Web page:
This deplorable evil is negligence. This it is which causes the ruin of whole families and plunges them into the frightful miseries to which they sooner or later succumb. This epidemic is so much the more to be dreaded because there are no signs which give warning of its terrible approach, and it seizes a man before he suspects it is near; it draws him little by little from his duties to God, and soon after from his duties to his family and toward his fellow-men. This scourge is one of the fatal fruits of original sin.
The first symptoms show themselves, then, on being confronted by some difficulty, you stop, hesitate, and address such words to yourself as these: I cannot! It is too difficult! I have no time! I will do it on some other occasion, but not now! It is not worth the trouble of beginning, because I shall never be able to go on! It is beyond my capabilities! Oh! then, while there is yet time, ask yourself quickly these two questions, and answer them by the light of your own conscience.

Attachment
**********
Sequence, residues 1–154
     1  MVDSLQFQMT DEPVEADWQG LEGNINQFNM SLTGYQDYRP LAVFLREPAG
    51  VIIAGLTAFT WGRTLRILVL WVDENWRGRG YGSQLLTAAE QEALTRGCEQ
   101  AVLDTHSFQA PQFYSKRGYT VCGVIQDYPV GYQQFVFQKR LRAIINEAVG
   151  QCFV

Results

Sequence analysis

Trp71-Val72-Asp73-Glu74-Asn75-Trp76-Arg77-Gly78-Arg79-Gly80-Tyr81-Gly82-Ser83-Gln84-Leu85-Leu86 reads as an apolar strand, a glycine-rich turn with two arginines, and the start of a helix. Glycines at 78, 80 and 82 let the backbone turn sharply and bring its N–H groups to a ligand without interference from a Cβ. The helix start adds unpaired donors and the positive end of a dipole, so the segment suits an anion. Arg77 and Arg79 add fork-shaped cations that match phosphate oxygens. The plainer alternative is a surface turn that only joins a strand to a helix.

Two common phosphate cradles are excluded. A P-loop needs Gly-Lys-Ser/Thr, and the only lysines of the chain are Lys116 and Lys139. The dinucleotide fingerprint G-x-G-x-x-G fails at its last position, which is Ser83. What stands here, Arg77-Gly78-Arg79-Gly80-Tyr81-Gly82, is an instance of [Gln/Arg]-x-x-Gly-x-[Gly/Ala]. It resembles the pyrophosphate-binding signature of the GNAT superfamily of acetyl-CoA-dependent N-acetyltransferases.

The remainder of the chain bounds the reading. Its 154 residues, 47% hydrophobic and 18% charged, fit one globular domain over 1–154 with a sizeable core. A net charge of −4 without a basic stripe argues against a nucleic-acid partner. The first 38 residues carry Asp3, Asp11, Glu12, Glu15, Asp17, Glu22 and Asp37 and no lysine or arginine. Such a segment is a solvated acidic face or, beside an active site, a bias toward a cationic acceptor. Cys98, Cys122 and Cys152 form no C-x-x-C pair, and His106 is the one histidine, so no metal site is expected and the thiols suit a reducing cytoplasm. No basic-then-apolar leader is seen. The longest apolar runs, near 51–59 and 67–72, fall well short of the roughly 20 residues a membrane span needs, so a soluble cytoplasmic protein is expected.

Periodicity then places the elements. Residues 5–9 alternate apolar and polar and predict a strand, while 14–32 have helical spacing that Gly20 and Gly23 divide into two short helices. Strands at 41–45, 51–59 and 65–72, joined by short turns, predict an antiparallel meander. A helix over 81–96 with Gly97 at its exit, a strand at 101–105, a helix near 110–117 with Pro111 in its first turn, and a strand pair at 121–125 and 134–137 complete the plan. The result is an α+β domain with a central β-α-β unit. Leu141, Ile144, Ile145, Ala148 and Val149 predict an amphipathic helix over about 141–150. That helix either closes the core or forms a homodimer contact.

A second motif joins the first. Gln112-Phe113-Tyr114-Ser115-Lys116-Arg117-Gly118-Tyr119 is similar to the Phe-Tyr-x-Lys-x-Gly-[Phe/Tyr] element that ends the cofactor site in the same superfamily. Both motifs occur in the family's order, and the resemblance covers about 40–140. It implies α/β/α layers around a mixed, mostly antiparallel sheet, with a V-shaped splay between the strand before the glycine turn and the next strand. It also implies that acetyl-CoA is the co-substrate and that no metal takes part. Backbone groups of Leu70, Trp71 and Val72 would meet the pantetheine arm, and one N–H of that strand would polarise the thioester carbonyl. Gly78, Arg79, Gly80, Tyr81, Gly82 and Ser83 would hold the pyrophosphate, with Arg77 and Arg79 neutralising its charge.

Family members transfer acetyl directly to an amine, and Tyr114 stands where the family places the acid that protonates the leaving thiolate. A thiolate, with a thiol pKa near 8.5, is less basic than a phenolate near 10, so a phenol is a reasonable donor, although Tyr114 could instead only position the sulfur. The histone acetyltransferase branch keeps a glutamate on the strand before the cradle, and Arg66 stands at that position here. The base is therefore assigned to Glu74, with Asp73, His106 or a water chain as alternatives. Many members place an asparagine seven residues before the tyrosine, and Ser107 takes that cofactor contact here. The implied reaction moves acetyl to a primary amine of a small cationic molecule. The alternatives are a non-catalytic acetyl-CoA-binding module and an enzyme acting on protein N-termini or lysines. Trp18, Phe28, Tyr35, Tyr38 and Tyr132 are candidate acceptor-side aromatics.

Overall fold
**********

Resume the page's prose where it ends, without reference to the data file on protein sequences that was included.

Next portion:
1st, What should I do if I were quite assured that directly I had accomplished that which now appears to be impossible, I should receive five pounds as the price of my efforts? 2nd, What should I also do if I were equally certain that I should receive a hundred stripes directly I had yielded to those insidious suggestions of negligence, which I believe at this moment that I cannot resist?
These two questions, with the answer which your conscience cannot fail to give, will prove a sure and simple remedy against the evil I have pointed out to you.
I HAVE NO TIME
Out of ten persons who do not fulfill their religious duties, there are at least six or seven who will say to you when you speak to them about it, “I should be glad enough to do so, but I have not time; every one must gain their living. Religion is good for people with nothing else to do, who can live without working.”
Nothing is more false than such reasoning as this, nothing could be more opposed to the spirit of Christianity; religion is made for all, even as God is the Father of all; and if there were any distinction to be made among men, it would, unquestionably, be the poor and the insignificant who would take precedence in the sight of God.